Birmingham Open Code

From April the 8th there will be a weekly event for collaborative programming study sessions in Birmingham. We’ll be meeting in the Woodman Pub from 6 pm.

Birmingham Open Code is designed to provide a peer supported, mixed level learning environment. Programmers and aspiring programmers working in any language are welcome. The weekly schedule is designed to create a casual environment where learners can drop in for social learning as needed, without feeling the need to make every event. We’re looking to keep these study sessions as inclusive as possible. You’re welcome no matter your skill level, level of education, age, gender, race, sexual identity, or sexual orientation.

If you’re an established programmer bring your laptop and be ready to help out newbies while socializing with your peers. If you’ve never programmed before and want to start, bring some great questions to get you started in the right direction.

There are also a number of hands on workshops in a range of technologies and experience levels in the pipeline. These may be added as monthly events to supplement the Open Code study sessions. Currently workshops in introductory and advanced Python, technical writing and Ruby have been proposed. To lead your own workshop, get in touch at jessica(at)closetoclever.com.

The space is handicap accessible and close to both Birmingham’s Moor Street and New Street stations.

Tone in Documentation

Here are the slides from my presentation on the use of Tone in technical documentation at Write the Docs EU 2014.

For additional context, Andrew Spittle has put together a great summary of my talk. I’ll be posting more content as it becomes available. Bryan Villarin also has notes available.

March 2014 Events

With winter finally over, I’m back to a manic schedule at work and study. Here are some of the events I’ll be attending in the coming month:

March 8: Women’s Techmakers: London. An event geared towards building community visibility for women in tech. There will be career planning advice and group sessions as well as traditional speaker presentations. Free tickets available through EventBrite.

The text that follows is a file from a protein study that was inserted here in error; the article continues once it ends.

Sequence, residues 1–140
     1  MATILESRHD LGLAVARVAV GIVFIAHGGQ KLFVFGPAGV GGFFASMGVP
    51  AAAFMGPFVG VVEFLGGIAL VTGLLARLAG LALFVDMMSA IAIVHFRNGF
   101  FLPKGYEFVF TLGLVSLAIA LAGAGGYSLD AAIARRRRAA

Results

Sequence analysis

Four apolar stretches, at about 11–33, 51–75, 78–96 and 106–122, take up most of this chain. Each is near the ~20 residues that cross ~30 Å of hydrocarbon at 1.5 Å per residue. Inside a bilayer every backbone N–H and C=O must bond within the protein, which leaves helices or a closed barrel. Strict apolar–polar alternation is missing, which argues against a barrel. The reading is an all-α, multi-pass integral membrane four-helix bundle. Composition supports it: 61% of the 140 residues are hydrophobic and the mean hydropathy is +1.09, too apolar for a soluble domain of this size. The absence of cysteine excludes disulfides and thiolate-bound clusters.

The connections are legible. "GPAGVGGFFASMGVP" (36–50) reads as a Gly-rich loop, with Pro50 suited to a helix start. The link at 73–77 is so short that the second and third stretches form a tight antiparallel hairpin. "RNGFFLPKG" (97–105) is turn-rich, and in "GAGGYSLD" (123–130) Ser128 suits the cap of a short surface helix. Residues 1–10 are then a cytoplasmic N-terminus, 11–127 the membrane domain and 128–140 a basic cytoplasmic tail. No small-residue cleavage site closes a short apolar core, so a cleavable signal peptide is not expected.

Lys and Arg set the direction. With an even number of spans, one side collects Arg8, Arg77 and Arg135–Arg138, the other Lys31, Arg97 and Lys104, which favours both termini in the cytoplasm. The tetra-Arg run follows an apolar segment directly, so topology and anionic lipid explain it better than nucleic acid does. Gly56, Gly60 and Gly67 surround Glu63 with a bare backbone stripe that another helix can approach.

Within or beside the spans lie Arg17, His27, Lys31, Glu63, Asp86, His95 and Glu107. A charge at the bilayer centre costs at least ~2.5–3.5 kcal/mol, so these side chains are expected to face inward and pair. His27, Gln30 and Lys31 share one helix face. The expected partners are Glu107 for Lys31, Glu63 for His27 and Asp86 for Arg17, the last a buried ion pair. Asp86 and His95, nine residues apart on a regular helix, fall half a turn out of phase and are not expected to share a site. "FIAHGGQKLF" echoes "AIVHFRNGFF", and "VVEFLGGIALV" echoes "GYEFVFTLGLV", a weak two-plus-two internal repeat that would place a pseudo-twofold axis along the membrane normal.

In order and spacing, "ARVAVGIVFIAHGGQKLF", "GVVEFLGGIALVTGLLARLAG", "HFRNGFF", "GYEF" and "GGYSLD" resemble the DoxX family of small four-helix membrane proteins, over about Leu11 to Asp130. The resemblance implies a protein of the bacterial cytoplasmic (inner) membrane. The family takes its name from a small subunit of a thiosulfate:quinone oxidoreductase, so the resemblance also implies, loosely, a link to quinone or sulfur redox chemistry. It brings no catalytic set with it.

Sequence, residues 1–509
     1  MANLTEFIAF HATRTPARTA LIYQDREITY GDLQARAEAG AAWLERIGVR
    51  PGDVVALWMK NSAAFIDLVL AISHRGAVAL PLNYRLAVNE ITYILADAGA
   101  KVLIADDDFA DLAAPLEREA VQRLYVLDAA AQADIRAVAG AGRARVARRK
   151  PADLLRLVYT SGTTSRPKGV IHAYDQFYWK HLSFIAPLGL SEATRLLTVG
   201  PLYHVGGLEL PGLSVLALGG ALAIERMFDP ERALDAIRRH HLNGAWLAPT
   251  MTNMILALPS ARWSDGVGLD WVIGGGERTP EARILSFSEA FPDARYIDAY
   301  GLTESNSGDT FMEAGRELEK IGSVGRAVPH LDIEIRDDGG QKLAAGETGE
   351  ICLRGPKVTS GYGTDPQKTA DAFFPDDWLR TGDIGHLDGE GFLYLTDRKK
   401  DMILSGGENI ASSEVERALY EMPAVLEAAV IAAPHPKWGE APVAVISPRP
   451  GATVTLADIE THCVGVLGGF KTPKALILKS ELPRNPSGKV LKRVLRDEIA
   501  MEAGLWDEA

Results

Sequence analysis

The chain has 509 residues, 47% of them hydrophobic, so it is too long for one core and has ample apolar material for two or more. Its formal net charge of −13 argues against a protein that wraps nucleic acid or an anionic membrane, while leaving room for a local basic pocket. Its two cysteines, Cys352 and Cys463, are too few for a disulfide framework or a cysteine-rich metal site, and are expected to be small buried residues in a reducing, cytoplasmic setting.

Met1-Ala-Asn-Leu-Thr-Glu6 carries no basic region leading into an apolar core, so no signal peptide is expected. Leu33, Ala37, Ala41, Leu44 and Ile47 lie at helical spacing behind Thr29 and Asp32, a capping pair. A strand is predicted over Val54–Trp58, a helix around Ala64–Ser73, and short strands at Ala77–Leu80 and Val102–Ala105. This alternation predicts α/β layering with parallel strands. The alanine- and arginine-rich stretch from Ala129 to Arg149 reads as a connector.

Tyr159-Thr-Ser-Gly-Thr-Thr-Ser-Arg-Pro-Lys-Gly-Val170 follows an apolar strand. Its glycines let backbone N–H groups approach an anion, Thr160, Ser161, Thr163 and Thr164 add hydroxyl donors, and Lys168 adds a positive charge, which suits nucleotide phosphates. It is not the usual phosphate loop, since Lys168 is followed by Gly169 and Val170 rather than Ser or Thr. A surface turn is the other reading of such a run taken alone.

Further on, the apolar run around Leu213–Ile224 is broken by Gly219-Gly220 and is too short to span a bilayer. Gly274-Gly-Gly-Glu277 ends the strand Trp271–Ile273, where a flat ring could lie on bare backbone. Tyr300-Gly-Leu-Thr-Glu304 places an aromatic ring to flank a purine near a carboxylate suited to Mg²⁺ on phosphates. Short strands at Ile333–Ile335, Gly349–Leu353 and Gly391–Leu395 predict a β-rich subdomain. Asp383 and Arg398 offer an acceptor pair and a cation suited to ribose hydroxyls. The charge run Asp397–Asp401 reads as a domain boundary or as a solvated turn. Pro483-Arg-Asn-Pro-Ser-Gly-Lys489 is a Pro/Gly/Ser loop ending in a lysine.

March 16: Brum Codejo: Birmingham. Free kata meetup for a new programming group in town. Always excited to attend tech events close to home, especially excited to have hands on activities nearby!

March 31-April 1: Write the Docs: Budapest. I’ll be giving a talk on the use of tone in documentation. Tickets are available here and include special student pricing options.

Campus Party Europe, Day 1

I’ve been lazy about blogging as I’ve been manically busy taking in the sights and sounds of Campus Party Europe. I opted to stay in their indoor camping option for the week’s accommodation, which may have been a mistake. After the worst night’s sleep I’ve had in a decade, I’ve been trying to take in as much of the conference as possible.

I was briefly introduced to Neelie Kroes, a Vice President of the European Commission and filmed a short interview on my project and the state of technological innovation with her crew.

Mozilla has a great set of interactive displays and projects on at building 6. I highly recommend speaking to Tef at the Code Club booth to talk about volunteering to teach programming to primary school students as well as take part in some of the hands on activities offered by Mozilla.

I’ve escaped this afternoon to attend a Ladies Who Code event and prepare to launch the Birmingham chapter in coming weeks.

If you’re at Campus Party this week, come say hi!

September Events

I’ve been a bit more slack posting than I would have hoped to be. In my defense, I’m gearing up for a pretty busy month. Through this busy month I’m still just as interested in meeting clever and interesting people in my travels. If you’ll (or someone delightful you think I should chat to) be at the locations or events listed below, stop by and say hello!

  • August 31 and September 1: Hackfrence Brum: Birmingham, UK. I’ll not be able to make the great conference portion on Aug 30th but look forward to some hands on programming work for the weekend Hackathon.
  • September 2-6: Campus Party: London, UK. I’ll be attending all week and presenting a Barcamp talk on inclusive individuals in tech on Thursday, the 5th at 11 am
  • September 12-13: Brighton SEO: Brighton, UK. I’ll be attending with the Majestic SEO team. If you’re interested in search (or want to snag some of our very impressive secret promo items) stop by our booth and say hello!
  • September 16-18: SES Hong Kong. I’ll be manning the Majestic SEO stand in lovely Hong Kong. Stop by and be dazzled by the exciting backlink intelligence data.
  • September 28-29: Rails Girls Glasgow. I’m up in my favorite Scottish city for a two day workshop on Ruby on Rails.
  • If you want to get in touche with me before any of these events you’re welcome to reach me at jessica@closetoclever.com or via twitter.